Whether you're for or against mandatory kill switch technology in smartphones, at least one study says such a feature could saved consumers bundles.
According to a study conducted by Creighton University Professor Dr. William Duckworth, kill switch technology could save Americans up to $2.6 billion per year by reducing the amount they pay in smarpthone insurance and hacking away at the amount they actually pay to replace lost or stolen devices.
Duckworth's reasoning begins with Americans spending about $580 million per year replacing stolen phones and another $4.8 billion per year paying for premium cell phone insurance from their wireless carriers.
"If the Kill Switch significantly reduced cell phone theft, consumers could save about $580 million a year from not needing to replace stolen phones and another $2 billion a year by switching from premium cell phone insurance (offered by the wireless carriers) to more basic coverage offered by third parties such as Apple and SquareTrade," Duckworth writes in a summary of the report.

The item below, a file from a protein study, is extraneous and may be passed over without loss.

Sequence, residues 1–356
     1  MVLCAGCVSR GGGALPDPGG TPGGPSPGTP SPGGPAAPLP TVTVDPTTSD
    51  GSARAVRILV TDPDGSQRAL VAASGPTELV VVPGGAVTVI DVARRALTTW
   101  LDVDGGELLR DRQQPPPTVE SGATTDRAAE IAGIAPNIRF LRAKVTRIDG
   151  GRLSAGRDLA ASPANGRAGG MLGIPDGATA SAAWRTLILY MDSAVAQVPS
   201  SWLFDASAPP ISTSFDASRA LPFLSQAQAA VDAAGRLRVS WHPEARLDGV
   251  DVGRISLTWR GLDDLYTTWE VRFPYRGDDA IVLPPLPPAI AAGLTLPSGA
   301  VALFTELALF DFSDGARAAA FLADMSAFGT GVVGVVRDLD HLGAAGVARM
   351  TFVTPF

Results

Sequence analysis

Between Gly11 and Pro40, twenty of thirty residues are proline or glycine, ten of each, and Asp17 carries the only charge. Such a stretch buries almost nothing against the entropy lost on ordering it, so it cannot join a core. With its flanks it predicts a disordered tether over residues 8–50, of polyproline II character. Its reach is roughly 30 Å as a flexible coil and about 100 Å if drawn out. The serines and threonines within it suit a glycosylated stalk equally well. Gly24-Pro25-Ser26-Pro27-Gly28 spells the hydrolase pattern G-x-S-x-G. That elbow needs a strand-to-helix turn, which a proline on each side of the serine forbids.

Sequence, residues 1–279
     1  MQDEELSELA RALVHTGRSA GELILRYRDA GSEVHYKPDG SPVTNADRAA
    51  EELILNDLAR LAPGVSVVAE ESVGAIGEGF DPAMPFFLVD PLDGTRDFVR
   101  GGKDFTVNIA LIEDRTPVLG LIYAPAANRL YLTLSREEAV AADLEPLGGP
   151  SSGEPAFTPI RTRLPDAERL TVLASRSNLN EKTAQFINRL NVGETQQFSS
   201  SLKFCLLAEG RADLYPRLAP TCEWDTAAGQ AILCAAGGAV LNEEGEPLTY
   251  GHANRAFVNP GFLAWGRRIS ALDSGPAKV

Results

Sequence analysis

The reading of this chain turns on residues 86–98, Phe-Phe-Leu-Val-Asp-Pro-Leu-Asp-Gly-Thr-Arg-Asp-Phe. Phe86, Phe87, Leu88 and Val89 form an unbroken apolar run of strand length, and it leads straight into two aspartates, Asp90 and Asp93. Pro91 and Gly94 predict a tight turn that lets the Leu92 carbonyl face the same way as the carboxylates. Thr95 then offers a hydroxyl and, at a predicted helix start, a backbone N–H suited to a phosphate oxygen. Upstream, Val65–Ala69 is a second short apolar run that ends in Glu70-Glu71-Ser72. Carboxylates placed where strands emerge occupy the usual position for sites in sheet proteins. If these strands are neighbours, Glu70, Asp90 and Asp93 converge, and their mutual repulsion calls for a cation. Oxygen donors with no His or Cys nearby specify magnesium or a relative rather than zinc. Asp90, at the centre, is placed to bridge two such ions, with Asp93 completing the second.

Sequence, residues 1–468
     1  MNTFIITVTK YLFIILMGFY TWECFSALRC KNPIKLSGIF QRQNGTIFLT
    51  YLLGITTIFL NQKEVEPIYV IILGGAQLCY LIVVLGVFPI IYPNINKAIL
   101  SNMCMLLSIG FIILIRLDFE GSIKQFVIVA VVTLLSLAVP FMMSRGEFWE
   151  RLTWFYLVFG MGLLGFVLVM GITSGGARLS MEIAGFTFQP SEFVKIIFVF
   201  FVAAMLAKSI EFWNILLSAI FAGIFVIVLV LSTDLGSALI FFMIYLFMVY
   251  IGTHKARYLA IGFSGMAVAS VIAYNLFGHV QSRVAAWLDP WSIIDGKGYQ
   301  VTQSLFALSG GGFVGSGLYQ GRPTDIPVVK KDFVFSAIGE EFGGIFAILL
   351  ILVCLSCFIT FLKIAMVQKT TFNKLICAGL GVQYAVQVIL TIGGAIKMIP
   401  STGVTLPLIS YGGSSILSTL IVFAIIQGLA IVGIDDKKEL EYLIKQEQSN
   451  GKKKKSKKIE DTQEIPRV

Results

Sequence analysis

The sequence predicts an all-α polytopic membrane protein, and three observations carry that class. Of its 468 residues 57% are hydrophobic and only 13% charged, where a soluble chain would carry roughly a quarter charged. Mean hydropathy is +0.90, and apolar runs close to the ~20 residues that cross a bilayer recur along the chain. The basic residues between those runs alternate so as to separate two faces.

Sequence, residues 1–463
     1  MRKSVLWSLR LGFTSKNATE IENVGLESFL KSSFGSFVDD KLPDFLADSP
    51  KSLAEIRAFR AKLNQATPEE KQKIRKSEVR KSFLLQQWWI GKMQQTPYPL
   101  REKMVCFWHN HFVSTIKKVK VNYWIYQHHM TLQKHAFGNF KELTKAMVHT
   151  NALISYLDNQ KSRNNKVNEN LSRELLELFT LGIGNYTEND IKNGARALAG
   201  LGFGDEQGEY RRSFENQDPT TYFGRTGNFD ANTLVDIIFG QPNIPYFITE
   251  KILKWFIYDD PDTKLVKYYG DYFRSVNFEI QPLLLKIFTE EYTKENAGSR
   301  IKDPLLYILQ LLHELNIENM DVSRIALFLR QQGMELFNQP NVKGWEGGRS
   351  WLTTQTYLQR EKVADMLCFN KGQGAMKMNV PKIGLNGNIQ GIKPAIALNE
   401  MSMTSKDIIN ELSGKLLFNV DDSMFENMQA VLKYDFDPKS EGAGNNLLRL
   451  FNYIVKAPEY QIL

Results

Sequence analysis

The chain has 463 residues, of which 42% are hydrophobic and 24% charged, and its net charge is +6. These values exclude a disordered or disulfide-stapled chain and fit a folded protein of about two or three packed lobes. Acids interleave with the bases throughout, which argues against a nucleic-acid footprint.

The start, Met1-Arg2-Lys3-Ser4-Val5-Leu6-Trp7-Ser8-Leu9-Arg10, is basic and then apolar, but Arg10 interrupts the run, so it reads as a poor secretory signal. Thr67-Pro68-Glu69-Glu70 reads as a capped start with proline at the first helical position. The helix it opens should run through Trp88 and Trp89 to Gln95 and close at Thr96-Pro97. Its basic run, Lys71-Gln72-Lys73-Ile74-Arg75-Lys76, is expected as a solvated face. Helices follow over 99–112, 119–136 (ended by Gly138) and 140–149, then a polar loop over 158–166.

Part of Duckworth's methodology involves conclusions that he extrapolates from a survey he conducted of over 1200 cell phone users, as well as figures from ComScore and Consumer Reports.
"My research suggests that at least half of smartphone owners would in fact reduce their insurance coverage if the Kill Switch reduced the prevalence of cell phone theft," Duckworth said.
The study comes on the heels of new legislation introduced last month that would require all phones sold in the U.S. to have a “kill switch” theft deterrent device installed.
The idea is that such technology would eliminate the incentive for thieves to target phones. The FCC estimates that one in three U.S. thefts involve cell phones.